The Laredo, Texas, customs district accounts for the majority of tomato imports arriving from Mexico to the U.S. Pictured is Laredo’s World Trade Bridge. (Photo: Jim Allen/FreightWaves)

While growers in Florida are urging the U.S. to end the 2019 agreement, officials for the Nogales-based Fresh Produce Association of the Americas (FPAA) said killing the agreement would only result in harming American consumers.

“The FTE has been making the same false claims for years, but when pressed to present evidence in regulatory proceedings, they have failed to do so because their claims are untrue, nothing but propaganda intended to skew the political process to their advantage, regardless of the cost to consumers, retailers, and even other American farmers,” Lance Jungmeyer, FPAA president, said in a news release.

“The duties that are being sought by the FTE would harm U.S. importers, but would ultimately be paid by American consumers who want better tomatoes, not higher prices, reduced varieties, and lower quality tomatoes.”

Texas border bridge shut down temporarily by migrant crossings

Migrant issues forced the closure of the Veterans International Bridge in Brownsville, Texas, for about an hour Thursday.

The commercial cargo facilities at the bridge were closed from 6 to 7 p.m., according to Armando Taboada, assistant director of field operations at Customs and Border Protection’s Laredo Field Office.

“The Veterans International Bridge resumed normal operations after 7 p.m.,” Taboada said in an email to the trade community on Friday. “The Laredo field office and port directors continue to monitor the migrant situation and are ready to implement our business resumption contingency plans. Truck and railroad shipments continue to be consistent and increasing.”

Veterans International Bridge spans the border between the cities of Brownsville and Matamoros, Mexico.

Migrant issues forced the closure of the Veterans International Bridge in Brownsville, Texas, for about an hour Thursday. (Photo: US Customs and Border Protection)

Union Pacific to provide rail access to Arizona industrial park

Union Pacific (UP) railroad announced it will provide rail service to the new Buckeye Industrial Rail Park in Buckeye, Arizona.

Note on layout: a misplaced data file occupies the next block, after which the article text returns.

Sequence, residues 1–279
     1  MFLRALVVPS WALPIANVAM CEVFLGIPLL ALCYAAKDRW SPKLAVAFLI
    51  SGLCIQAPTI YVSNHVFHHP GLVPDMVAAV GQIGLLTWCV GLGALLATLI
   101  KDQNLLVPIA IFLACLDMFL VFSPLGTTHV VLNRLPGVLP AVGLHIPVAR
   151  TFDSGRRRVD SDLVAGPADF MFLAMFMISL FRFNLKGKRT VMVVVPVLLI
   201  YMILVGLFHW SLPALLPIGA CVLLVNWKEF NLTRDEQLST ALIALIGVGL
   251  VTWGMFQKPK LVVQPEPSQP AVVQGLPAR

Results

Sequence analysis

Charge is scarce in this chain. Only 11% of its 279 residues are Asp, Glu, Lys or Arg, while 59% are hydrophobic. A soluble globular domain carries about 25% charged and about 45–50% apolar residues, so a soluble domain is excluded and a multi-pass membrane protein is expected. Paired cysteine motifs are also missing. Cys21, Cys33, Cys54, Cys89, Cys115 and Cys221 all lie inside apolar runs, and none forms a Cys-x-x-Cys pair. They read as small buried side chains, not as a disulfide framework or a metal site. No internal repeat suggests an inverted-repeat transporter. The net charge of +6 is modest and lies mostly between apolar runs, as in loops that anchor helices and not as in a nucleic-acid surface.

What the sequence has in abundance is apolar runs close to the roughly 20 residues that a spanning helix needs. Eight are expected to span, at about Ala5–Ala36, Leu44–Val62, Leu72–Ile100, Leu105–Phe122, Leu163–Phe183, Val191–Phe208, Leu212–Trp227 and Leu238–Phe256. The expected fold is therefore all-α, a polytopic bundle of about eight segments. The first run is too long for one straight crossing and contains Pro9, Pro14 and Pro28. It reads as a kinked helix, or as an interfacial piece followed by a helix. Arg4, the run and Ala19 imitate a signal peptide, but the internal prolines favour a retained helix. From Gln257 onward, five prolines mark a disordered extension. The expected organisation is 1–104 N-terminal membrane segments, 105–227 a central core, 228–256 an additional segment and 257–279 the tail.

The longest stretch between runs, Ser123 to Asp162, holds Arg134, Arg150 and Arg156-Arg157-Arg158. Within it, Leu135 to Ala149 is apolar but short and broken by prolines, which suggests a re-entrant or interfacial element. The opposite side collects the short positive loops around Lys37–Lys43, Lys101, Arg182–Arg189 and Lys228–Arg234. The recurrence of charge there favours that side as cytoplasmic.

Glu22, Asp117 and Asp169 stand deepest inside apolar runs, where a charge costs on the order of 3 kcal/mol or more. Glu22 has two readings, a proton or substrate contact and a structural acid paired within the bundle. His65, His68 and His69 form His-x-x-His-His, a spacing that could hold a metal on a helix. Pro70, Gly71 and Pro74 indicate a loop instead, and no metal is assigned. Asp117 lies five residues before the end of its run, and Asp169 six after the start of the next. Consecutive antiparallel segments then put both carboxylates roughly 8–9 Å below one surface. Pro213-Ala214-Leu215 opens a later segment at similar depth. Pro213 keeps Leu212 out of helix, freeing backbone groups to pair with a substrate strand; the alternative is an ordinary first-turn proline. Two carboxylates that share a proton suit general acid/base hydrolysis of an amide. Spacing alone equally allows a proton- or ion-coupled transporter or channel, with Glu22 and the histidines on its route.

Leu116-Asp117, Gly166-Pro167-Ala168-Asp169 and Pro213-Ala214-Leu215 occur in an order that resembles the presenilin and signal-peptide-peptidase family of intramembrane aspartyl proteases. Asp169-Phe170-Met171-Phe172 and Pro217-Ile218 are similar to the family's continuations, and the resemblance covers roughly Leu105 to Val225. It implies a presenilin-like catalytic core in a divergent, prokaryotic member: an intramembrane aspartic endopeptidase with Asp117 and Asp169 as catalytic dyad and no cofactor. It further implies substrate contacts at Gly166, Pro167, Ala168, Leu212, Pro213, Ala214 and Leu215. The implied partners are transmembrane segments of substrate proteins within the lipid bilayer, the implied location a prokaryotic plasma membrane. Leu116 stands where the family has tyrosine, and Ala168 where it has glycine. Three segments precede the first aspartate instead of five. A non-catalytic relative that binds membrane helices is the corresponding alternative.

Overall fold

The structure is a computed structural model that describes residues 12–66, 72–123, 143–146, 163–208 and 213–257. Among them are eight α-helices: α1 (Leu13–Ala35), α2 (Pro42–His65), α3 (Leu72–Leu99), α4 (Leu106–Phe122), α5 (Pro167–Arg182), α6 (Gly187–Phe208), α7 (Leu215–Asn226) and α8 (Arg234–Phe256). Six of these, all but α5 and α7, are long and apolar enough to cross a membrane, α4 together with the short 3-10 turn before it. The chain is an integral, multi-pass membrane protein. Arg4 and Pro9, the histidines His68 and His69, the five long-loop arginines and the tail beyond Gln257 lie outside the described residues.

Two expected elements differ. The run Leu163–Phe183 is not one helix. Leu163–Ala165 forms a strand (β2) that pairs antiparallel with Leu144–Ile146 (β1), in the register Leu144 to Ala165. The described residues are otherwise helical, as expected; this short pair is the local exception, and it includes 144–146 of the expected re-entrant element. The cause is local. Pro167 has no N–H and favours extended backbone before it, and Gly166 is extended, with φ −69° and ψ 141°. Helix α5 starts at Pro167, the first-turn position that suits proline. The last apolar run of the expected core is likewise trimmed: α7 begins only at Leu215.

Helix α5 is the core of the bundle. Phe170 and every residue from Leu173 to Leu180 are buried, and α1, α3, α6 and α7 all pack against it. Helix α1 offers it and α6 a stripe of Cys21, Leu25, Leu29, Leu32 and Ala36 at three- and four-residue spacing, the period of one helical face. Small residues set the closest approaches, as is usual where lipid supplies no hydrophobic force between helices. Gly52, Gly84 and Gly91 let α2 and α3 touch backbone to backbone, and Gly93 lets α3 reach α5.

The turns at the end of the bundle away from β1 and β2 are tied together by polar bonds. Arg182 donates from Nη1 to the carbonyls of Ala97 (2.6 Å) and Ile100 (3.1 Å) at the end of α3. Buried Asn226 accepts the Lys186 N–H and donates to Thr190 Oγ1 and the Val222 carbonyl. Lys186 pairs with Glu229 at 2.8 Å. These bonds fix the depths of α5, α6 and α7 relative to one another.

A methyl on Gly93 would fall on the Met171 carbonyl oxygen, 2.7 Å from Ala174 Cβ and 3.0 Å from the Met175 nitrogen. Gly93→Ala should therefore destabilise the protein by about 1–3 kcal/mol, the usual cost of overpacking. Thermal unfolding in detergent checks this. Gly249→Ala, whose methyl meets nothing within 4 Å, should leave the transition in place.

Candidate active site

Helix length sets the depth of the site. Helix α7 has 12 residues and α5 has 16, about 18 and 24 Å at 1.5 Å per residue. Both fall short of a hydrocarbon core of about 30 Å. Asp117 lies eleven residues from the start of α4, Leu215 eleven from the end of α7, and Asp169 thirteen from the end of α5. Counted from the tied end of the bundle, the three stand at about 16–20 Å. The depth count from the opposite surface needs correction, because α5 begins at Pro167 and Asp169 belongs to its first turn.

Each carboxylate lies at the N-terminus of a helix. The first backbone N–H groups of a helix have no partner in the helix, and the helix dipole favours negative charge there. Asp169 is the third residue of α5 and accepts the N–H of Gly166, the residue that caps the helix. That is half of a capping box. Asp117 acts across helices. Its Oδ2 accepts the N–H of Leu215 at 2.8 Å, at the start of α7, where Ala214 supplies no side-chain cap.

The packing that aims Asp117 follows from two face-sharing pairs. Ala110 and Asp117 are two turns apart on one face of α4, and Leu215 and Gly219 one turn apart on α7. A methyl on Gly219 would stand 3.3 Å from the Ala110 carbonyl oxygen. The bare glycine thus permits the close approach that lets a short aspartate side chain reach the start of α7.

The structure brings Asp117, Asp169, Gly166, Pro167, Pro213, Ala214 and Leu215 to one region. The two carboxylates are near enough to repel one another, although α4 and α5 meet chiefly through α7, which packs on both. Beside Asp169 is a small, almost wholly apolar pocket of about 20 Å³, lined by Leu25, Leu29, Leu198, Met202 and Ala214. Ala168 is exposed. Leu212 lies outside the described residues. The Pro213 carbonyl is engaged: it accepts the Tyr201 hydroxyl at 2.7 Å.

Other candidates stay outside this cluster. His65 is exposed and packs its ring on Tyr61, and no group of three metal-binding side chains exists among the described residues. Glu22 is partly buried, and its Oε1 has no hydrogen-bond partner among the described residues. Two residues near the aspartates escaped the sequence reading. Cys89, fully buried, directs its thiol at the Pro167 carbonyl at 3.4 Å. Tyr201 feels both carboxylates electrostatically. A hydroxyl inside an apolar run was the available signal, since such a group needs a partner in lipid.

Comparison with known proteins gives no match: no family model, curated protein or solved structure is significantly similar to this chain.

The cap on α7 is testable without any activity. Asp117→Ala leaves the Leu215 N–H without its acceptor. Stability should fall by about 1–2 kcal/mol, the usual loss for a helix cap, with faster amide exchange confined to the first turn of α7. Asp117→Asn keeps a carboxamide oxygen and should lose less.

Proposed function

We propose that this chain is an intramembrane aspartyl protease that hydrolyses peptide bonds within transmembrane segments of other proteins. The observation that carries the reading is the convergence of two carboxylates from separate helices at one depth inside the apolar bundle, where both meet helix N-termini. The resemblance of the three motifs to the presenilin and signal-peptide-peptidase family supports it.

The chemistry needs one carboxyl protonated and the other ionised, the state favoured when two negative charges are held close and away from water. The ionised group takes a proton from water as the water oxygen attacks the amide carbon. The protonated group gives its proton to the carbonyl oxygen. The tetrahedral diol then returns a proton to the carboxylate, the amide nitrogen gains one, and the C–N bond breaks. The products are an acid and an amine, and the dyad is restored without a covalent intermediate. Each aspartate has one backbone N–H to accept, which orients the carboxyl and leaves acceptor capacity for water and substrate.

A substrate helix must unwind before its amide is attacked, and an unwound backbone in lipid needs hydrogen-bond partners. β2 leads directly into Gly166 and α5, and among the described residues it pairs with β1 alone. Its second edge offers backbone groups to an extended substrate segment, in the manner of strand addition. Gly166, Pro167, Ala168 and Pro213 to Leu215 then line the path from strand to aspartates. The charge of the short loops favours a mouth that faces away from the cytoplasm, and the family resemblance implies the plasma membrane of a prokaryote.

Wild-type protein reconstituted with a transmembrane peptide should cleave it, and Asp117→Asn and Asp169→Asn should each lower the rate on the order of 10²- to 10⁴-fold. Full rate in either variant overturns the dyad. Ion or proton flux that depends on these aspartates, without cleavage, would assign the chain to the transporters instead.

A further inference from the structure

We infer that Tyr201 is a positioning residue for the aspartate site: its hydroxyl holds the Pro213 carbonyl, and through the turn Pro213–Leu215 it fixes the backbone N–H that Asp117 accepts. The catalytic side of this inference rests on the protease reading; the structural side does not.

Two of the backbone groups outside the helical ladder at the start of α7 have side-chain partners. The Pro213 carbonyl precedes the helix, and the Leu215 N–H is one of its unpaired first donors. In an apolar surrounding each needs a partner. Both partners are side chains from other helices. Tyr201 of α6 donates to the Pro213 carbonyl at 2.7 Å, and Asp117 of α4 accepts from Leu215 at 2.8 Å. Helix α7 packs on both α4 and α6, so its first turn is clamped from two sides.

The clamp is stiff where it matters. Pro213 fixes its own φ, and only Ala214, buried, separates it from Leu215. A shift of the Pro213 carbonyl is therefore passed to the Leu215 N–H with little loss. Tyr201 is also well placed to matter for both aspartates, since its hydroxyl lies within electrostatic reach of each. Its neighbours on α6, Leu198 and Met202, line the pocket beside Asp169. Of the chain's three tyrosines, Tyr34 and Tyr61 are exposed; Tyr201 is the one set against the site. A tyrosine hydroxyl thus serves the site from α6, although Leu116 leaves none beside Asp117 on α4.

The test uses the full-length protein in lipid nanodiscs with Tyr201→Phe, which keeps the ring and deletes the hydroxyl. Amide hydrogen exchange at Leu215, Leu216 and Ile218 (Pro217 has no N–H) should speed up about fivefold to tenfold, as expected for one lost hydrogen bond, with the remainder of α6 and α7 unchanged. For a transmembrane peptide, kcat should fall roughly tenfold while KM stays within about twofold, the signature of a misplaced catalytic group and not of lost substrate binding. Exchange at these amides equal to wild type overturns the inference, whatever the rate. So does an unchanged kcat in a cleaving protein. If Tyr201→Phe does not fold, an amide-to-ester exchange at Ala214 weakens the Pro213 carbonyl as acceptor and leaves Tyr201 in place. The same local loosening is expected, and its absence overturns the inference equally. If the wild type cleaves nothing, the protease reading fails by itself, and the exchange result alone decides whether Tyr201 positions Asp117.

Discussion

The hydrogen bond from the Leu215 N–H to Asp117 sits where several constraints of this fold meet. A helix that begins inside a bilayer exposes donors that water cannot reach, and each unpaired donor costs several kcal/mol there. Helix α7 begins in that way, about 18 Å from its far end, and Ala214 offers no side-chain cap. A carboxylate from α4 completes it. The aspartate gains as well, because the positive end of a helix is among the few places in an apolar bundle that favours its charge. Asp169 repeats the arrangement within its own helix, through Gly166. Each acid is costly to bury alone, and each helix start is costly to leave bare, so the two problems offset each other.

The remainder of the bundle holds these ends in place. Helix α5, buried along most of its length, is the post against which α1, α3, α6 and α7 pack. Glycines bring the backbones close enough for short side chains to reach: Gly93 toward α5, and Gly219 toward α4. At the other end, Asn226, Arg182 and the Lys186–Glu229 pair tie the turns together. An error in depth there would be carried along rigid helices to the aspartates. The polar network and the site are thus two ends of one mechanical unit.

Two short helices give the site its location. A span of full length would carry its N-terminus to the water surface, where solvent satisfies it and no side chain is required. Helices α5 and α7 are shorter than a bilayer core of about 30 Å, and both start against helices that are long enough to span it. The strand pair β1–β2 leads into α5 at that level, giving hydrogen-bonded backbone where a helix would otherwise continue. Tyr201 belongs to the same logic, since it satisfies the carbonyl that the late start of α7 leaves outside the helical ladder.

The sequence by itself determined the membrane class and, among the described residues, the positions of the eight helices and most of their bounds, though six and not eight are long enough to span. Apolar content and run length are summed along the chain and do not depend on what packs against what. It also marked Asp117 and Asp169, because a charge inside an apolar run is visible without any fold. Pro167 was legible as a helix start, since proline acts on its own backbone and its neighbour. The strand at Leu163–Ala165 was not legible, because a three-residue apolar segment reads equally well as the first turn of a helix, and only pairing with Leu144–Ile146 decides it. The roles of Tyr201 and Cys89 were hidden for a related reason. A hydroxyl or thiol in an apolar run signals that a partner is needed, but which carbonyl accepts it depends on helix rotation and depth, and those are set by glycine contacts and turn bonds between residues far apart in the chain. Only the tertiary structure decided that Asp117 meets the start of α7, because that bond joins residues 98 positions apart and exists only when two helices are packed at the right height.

The 260-acre rail park is zoned for distribution, logistics, heavy manufacturing and technology development. Located 40 miles from Phoenix Sky Harbor International Airport, the rail park provides access to several major highways, according to a news release.

The park’s first tenant, Rehrig Pacific Co., recently broke ground on a 260,000-square-foot injection molding plastics manufacturing plant.

“Rehrig Pacific’s groundbreaking represents the first of many exciting opportunities to serve this new industrial park,” Shelly Huckfeldt, UP’s manager of industrial development, said in a statement.

Tesla issues 2nd recall for electric Semi truck

Automaker Tesla recently issued a voluntary recall of 36 of its all-electric Class 8 Semi trucks to fix a software update to ensure the side door warning system works properly.

Officials for the National Highway Traffic Safety Administration discovered that the door-open warning on the truck’s dash only illuminates if the parking brake is disengaged. Federal Motor Vehicle Safety Standards require the warning to be illuminated any time the door is open.

Tesla issued its first voluntary recall in March due to a parking brake issue.

Production of the Semi was supposed to ramp up to as many as 50,000 units starting in 2024. Tesla CEO Elon Musk recently said large-scale production of the truck would not begin until 2025, citing battery supply chain constraints.

Watch: How do you build a tech roadmap?